Last Updated on June 8, 2022, by eNotes Editorial. Word Count: 425
Always too eager for the future, wePick up bad habits of expectancy.
This is a poem about how people live their lives in expectation of the next great thing without appreciating each passing moment. We are, Larkin writes, too desirous of what is to come, and we acquire the...
(The entire section contains 425 words.)
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Always too eager for the future, we
Pick up bad habits of expectancy.
This is a poem about how people live their lives in expectation of the next great thing without appreciating each passing moment. We are, Larkin writes, too desirous of what is to come, and we acquire the habit of what he calls "expectancy," or always living in wait for something better. His title for the poem, "Next, Please," is satirical, as it is what a person who works in a store might say to a customer waiting in line. It's almost as if we treat our wishes and dreams like customers in a queue.
Watching from a bluff the tiny, clear
Sparkling armada of promises draw near.
Larkin uses the extended metaphor of an armada of ships to represent our dreams coming true. Our dreams and hopes are like ships that near the bluff where we are waiting on shore. They approach in a sparkle of promise, and they seem to never land but to always be somewhere offshore. We seem to wait an eternity for their arrival.
Each big approach, leaning with brasswork prinked,
Each rope distinct,
Flagged, and the figurehead with golden tits
Arching our way, it never anchors
In these lines, Larkin describes the approach of our dreams as if it were the arrival of a well-appointed ship. Each part of the brasswork on the ship has been polished, and each line or rope on the ship has been sorted out. The ship approaches with a buxom woman on its bow, and it arches towards us. However, although the ship is gleaming and full of promise, it does not come to shore. Instead, it just moves on, symbolizing the way in which the things we look forward to with such great expectation just pass on, leaving us waiting for the next great thing.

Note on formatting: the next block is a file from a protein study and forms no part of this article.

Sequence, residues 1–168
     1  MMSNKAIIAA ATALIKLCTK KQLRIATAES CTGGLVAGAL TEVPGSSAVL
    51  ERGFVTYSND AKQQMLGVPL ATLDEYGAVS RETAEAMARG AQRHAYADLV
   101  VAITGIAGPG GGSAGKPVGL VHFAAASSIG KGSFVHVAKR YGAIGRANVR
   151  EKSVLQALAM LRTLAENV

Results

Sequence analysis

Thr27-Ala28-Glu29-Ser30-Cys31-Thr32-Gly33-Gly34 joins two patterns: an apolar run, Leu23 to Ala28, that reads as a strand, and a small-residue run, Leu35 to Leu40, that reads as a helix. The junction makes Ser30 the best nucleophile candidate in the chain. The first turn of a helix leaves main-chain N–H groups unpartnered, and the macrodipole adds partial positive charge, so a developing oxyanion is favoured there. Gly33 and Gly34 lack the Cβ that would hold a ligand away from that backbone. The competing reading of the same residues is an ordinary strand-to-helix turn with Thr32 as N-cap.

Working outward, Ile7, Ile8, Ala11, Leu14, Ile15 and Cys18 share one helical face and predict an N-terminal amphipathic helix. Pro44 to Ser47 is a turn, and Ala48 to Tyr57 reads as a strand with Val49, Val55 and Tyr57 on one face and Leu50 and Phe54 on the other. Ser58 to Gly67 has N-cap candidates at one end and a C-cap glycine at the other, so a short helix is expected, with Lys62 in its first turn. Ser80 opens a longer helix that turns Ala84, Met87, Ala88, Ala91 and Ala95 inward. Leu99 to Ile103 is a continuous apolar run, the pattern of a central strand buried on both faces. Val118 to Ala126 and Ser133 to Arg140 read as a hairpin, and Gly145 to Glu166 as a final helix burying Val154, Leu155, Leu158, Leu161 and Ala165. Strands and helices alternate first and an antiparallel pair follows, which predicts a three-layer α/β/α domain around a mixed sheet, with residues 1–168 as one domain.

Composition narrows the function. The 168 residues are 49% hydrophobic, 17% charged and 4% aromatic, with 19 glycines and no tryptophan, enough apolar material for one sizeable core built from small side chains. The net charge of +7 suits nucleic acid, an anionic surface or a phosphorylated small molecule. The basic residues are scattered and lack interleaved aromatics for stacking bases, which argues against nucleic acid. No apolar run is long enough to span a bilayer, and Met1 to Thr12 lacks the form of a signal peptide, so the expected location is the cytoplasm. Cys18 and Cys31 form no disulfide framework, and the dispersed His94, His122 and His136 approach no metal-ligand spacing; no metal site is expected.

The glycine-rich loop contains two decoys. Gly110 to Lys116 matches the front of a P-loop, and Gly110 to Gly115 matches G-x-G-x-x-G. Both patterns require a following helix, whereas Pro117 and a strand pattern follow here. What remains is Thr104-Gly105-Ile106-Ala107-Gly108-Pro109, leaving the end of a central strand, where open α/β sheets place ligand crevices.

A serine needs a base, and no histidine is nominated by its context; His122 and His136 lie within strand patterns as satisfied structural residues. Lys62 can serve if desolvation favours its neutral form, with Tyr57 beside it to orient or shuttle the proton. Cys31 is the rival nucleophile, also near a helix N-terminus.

In the last stanza, continuing the extended metaphor of the arrival of ships, Larkin writes that only one ship will come to shore: the ship of death. It is a black ship that is at first unfamiliar to us, and it has no waters behind it. In other words, it ends our lives, and there is nothing that follows it. All of our expectations are like ships that do not arrive on shore, but the only ship that does arrive is death; it is the only part of our fate that will definitely come true.Only one ship is seeking us, a black-
Sailed unfamiliar, towing at her back
A huge and birdless silence. In her wake
No waters breed or break.